Similar gaps in access to education and in student achievement exist in the United States. The National Center for Education Statistics has published the most recent findings of its National Assessment of Educational Progress, a long term study of student achievement, in the report NAEP 2008 Trends in Academic Progress. The results of the periodic assessments by the NCES demonstrate a persistent achievement gap between black and white students.
Figure 1 summarizes the results of 12 reading assessments over the period 1971 to 2008. For each assessment, the average reading scores of black and white students aged 9, 13 and 17 years are plotted in the graph. The shaded area indicates the achievement gap between black and white students. For 2004, two scores are shown for each group because the assessment format was revised in that year. The reading scores in 1971 and 2008 are also listed in Table 1.
Figure 1: Average reading scores of black and white students, 1971-2008
Data source: NAEP 2008 Trends in Academic Progress, p. 14-15.
Black and white students of all ages achieved higher reading scores in 2008 than in previous years. In 1971, 9-year-old white students had an average score of 214 and black students in the same age group scored 170 on average. In 2008, the average score of 9-year-olds was 228 for white students and 204 for black students. As a result, the score gap between black and white 9-year-olds fell from 44 in 1971 to 24 in 2008. For 13-year-old students the score gap fell from 39 to 21 over the same period and for 17-year-olds it fell from 52 to 29.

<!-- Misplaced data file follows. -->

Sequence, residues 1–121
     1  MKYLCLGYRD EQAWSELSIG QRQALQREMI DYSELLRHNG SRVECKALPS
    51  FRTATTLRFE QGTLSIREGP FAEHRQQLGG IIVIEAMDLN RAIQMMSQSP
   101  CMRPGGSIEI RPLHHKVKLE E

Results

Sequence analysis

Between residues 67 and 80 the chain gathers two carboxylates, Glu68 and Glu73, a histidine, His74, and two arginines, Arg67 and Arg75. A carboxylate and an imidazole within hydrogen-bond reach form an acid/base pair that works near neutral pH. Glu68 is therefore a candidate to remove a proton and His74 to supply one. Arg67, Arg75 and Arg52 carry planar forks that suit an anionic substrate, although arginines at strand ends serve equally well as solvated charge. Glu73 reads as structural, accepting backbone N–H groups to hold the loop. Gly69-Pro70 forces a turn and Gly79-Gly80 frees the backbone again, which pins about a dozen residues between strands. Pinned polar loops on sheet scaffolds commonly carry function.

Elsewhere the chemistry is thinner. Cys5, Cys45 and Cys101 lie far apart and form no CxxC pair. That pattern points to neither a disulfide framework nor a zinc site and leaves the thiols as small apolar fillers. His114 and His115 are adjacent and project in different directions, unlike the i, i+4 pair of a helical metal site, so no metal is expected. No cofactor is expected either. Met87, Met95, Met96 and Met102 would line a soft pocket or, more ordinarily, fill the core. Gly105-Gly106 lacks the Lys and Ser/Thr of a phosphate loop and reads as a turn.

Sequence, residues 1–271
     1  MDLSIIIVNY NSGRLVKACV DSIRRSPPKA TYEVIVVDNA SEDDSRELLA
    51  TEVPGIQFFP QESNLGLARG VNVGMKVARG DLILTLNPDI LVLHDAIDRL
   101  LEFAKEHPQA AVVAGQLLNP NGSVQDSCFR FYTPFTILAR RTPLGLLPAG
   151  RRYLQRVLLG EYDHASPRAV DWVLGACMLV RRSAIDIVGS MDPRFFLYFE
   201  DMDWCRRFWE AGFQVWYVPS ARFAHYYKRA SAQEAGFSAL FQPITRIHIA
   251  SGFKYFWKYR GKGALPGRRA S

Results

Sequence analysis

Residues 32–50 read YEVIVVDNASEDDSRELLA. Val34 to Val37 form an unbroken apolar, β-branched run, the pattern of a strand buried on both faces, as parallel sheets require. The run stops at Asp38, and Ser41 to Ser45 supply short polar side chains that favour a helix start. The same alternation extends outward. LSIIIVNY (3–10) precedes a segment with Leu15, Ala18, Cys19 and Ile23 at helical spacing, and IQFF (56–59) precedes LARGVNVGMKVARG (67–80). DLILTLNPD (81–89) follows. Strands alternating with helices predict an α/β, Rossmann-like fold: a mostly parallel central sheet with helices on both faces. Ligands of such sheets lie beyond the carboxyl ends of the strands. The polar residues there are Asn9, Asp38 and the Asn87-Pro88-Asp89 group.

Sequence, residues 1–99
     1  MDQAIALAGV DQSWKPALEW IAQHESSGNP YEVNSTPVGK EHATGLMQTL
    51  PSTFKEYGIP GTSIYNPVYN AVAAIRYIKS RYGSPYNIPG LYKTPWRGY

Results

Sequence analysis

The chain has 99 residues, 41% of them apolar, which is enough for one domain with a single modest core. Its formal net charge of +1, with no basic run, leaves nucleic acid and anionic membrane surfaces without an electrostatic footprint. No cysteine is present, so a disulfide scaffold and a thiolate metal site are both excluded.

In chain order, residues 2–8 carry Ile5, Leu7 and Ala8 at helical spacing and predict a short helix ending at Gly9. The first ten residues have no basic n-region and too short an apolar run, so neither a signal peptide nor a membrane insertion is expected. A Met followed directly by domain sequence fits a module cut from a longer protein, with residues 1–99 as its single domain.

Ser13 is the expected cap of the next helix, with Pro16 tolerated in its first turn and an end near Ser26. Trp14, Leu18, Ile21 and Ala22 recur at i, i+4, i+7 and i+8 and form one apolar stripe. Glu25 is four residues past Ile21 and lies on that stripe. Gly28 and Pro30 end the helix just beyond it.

Closer inspection of the data reveals that most of this reduction in the achievement gap occurred during the 1970s and 1980s. Since the 1990s, the gap between black and white students has remained relatively stable. Although the reading scores of black students continue to improve, they no longer grow fast enough to close the gap with white students.
Table 1: Average reading scores of black and white students, 1971 and 2008
|Year||Age||Average reading score||Score gap|
The NAEP report shows a similar achievement gap between black and white students in the area of mathematics. In addition, there is a similar but smaller gap between white and Hispanic students in reading and mathematics. In spite of long-running efforts to improve the education system for all parts of the population, minority students consistently lag behind white students in the United States.
- Rampey, Bobby D., Gloria S. Dion, and Patricia L. Donahue. 2009. NAEP 2008 Trends in Academic Progress. Washington: National Center for Education Statistics, Institute of Education Sciences, U.S. Department of Education. (Download PDF file, 1.1 MB)
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- National Center for Education Statistics
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